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'SEABUCK THORN' - Magic plant of Gilgit-Baltistan

‘Seabuck thorn’  -  Magic plant of Gilgit-Baltistan (Published in The Nation dated September 11, 2002)
Syed Shams ud Din
Nature has endowed Pakistan with vast resources and ‘seabuck thorn’ is indeed, one of them. For its stupendous ingredients, it is considered an elixir. This plant is found in abundance throughout Gilgit-Baltistan, hence its popularity and maximal growth on scientific lines can work wonders in eradicating poverty from the region. Following its fruitful experimentation, the neighboring China and Russia have reportedly converted all the natural growth areas of ‘seabuck thorn’ into nurseries spreading over thousands  of acres of land. China got it planted on a large scale in certain backward regions some three decades knack that helped catapult them economically to unimaginable heights.

The stupendous characteristics associated with this plant lately prompted  the western countries like Finland, Belgium, Germany and Sweden to undertake ‘seabuck thorn’ transplantation. India hosted an international conference on ‘seabuck thorn’ in Delhi at the end of 2000.

Gilgit-Baltistan abounding it is in the natural forests of ‘seabuck thorn’ for centuries. The tracts like Astore, Hunza, Nagar, Bagrote, Ghizar, Diamir and the whole of Baltistan have all mushroom growth of this plant.

This can also be seen in Chitral and Upper Swat. According to an estimate, the total area under ‘seabuck thorn’ is put at some 7000 acres – mostly along the river courses, watered wastelands and nullahs. It is greatly instrumental in preventing soil-erosion and hence serves as the most effective natural embankment to water courses. Its abundant growth can be witnessed mostly along the flooded parts of land in Gilgit-Baltistan.

The height of ‘seasbuck thorn’, on full growth, can be up to seven meters. It is said to comprise both male and female species. During autumn, all its branches get bedecked with reddish, beans-like fruit. In Baltistan, it is called ‘zhoq’ while the Hunzakutz call it ‘shung’. In Gilgit region, it is named ‘buru’ while in Wakhi, it is named ‘zakh’. The plant primarily becomes classifiable into its four natural varieties, and one of them is to be found in Gilgit-Baltistan. However, in parts of Kashmir, another of the kind ‘Hippophae salicifolia’ is reportedly in natural growth.

In Gilgit-Baltistan, its growth in abundance remains a centuries-old natural phenomenon albeit its medicinal utility always shrouded in mystery save only that the native people took its highly pricking thorny nature, precluding any intrusions.

It has nonetheless, been a source of fodder and fuel wood as well. During 1995, the federal ministry for food and agriculture first prepared a development plan for popularizing this plant. Pursuant to this scheme, thousands of kilograms of ‘seabuck thorn’ seeds were purchased from the farmers of Gilgit-Baltistan that threw open new income generation avenues to them. This seed was then used for its oil extraction by both government and nongovernmental organizations. In the meantime, its fruit came to be utilized for making jams, jellies and biscuits. This was followed by its use for making as many as twenty eatables.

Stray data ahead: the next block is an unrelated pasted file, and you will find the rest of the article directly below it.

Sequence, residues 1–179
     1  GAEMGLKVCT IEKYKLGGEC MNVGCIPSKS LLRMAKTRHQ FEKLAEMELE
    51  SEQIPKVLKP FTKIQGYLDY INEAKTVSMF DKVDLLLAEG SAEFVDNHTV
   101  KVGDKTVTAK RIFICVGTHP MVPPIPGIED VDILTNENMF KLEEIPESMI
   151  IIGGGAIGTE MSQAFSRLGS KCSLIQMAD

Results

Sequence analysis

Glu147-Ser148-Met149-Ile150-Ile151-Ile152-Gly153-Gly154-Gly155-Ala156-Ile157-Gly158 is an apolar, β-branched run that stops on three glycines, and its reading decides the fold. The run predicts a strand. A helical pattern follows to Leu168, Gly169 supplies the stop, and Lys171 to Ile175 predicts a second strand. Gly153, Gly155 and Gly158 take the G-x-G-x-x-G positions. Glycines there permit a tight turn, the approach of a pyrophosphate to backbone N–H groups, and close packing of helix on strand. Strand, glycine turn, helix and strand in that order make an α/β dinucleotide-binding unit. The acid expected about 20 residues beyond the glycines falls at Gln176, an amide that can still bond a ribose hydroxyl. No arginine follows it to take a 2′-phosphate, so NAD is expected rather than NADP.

This is in addition to a number of cosmetics – shampoos, creams etc, it is used for. In homoeopathy, it is now widely used for curing all diseases like cancer, hypertension besides various capsules and elixirs made for cough relief.

And for the preceding few years, the ministry of agriculture in collaboration with a private firm – institute of acupuncture and medical science – started researches on ‘seabuck thorn’ quite hectically. In various cities of Pakistan, its jams, jellies and oil became rapidly popularized. These products are reportedly used for coronary ailments, cough, stomach disorders and other diseases as aforesaid, while a number of dismayed women too, get advised to use these products.

The wonders associated with the plant prompted the ministry to set up a ‘seabuck thorn’ oil extraction plant at Skardu in Baltistan, in collaboration with ‘Pakistan Council for Scientific Research’ (PCSIR), Peshawar, which will become operational soon.

The ‘seabuck thorn’ seeds contain more oily ingredients as compared to others. If Pakistan becomes well poised to meet the growing demands abroad, it would certainly bring about a prosperous socio-economic change.

Europe, Canada and America etc, are struggling hard to have this plant in abundance while alongside gearing up efforts to develop more varieties. It is said that the botanical scientists of Siberia first started research work on having varieties of ‘seabuck thorn’ as far back as 1930s. These researches eventually  led them to have about 30 varieties of this plant, which have already reached the farms. The new varieties reportedly give fruit larger in size than the natural ones. These are also said to be dwarf besides having less thorns with the apparent advantage being easy collection or harvesting of fruits.

For the last two decades, China has been working on a number of varieties which resulted in the addition of nine more varieties. One visiting the Chinese graveyard at Danyore in Gilgit would find such a plant bedecking the monument which substantially differs from the indigenous ones. This could have been popularized but it seems that the relevant authorities have not taken note of it. However, one such variety has also reportedly been introduced in Pakistan by the agriculture ministry. It is to be seen that all ‘seabuck thorns’ of Pakistan are natural while the yield is put at 162 kilogram per care.

This, therefore, calls for researches on this plant on the line of other countries for a remarkable boost.


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